Small cars don’t have to be boring, as the Subaru Impreza WRX so aptly proves.

The newest generation of this performance-oriented version of Subaru’s compact sedan arrived for 2008, offering a level of excitement somewhat above that of the entry-level Impreza model that competes against cars such as the Honda Civic and Toyota Corolla.

With its turbocharged, 224-horsepower, 2.5-liter boxer four-cylinder engine, the 2008 WRX offered a serious upgrade to the 170-horsepower normally aspirated boxer under the hood of the base Impreza.

But for 2009, Subaru decided 224 horsepower just wasn’t enough for the WRX, and cranked it up to 265 – an 18 percent jump. Torque output was increased as well, to 244 foot-pounds from last year’s 226.

WRX sedan models begin at $24,995 (plus $695 freight). The WRX also is offered in a five-door hatchback version, whose starting price is $25,495 (plus freight). Both the sedan and hatchback come in a “Premium” version, priced at $27,495 for the sedan (the model we tested) and $27,995 for the hatchback.

The WRX engine reaches full horsepower at 6,000 rpm, and peak torque at 4,000 rpm. And even with the big boost in power, EPA ratings are nearly the same as last year’s – 18 mpg city/25 highway versus 19/24 for the ’08 model.

This additional power is largely the result of an increase in the boost from the turbocharger to 13.3 psi from the previous model’s 11.4, along with the use of a larger-diameter exhaust system with reduced backpressure.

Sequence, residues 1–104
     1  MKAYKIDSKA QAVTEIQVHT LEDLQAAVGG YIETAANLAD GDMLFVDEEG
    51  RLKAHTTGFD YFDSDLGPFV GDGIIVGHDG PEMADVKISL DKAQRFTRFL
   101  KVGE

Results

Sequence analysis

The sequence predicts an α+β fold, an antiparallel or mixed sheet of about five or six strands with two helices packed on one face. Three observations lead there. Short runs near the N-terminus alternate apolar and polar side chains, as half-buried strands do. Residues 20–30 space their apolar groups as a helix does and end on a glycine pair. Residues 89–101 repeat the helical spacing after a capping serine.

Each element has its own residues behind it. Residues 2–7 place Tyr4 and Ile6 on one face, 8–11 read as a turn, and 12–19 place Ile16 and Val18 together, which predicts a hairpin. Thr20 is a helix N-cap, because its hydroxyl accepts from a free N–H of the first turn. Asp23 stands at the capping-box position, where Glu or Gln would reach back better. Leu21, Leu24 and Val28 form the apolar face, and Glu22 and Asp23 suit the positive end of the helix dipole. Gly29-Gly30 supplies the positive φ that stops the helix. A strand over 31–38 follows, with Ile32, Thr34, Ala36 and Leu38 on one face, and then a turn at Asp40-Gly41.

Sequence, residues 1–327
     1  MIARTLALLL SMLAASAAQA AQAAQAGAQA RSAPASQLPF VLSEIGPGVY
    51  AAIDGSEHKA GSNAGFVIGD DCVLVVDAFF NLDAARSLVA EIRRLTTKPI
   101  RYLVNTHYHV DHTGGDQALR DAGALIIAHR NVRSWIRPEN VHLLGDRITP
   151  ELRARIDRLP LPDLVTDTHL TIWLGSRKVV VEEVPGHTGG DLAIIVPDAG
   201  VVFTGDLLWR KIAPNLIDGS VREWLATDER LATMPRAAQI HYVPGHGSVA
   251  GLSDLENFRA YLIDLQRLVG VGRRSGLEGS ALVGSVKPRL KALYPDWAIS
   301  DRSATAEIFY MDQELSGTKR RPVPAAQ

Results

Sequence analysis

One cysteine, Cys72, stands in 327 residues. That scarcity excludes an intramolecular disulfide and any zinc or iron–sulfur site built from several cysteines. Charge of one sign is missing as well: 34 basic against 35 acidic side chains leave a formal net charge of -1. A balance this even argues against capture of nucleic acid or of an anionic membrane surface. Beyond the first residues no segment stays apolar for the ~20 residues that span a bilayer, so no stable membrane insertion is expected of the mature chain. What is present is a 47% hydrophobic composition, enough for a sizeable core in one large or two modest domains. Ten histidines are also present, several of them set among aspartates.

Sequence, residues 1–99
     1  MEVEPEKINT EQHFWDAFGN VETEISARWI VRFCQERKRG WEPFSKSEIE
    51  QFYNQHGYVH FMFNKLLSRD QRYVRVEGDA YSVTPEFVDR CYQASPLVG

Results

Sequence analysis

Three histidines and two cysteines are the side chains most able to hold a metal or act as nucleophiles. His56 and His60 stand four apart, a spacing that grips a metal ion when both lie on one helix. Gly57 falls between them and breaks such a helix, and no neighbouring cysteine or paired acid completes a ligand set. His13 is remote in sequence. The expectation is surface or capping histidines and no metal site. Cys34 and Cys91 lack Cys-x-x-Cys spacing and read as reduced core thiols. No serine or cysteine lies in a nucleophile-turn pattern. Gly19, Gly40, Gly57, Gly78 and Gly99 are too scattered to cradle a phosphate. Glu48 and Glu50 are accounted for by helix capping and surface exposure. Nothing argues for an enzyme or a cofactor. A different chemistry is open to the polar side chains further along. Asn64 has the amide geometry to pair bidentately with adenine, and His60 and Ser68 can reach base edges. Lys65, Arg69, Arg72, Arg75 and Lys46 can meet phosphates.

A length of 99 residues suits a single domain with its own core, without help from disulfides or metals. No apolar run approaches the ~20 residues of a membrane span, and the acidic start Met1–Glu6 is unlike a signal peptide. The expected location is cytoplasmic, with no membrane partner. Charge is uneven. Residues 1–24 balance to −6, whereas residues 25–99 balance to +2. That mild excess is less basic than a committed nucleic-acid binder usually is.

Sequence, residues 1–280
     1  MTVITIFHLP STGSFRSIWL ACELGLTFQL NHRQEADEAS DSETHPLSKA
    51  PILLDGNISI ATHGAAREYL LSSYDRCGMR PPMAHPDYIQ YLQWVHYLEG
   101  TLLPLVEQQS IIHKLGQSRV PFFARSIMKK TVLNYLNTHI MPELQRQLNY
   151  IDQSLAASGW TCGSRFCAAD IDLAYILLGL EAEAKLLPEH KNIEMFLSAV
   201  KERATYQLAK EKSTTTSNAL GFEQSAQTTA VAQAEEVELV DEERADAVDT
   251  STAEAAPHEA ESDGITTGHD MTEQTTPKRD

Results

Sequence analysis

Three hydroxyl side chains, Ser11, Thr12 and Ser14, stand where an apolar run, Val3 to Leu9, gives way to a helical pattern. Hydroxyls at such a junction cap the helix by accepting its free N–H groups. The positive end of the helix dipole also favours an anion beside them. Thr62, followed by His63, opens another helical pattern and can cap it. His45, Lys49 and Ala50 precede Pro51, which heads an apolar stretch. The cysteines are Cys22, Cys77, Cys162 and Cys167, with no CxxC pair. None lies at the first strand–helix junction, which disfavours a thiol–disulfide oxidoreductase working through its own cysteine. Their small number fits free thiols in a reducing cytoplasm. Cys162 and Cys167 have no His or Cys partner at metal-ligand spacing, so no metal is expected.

What was already pretty cool for an otherwise average-seeming compact sedan has now become quite impressive. Couple that with the tight five-speed manual gearbox – the only transmission offered on the WRX – and you have the recipe for lots of fun.

Oh, did I mention the all-wheel drive? Where vehicles such as the Civic and Corolla are stuck with front-wheel drive, not exactly the optimum arrangement for sport driving, the WRX comes with Subaru’s symmetrical all-wheel-drive system, which actually is standard on all Subaru vehicles sold in the United States (even the base Impreza).

This full-time system includes a viscous-type locking center differential, which normally sends torque equally to front and rear wheels. But when wheel slippage is detected, more power is automatically directed to the wheels with the best traction. No driver input is required.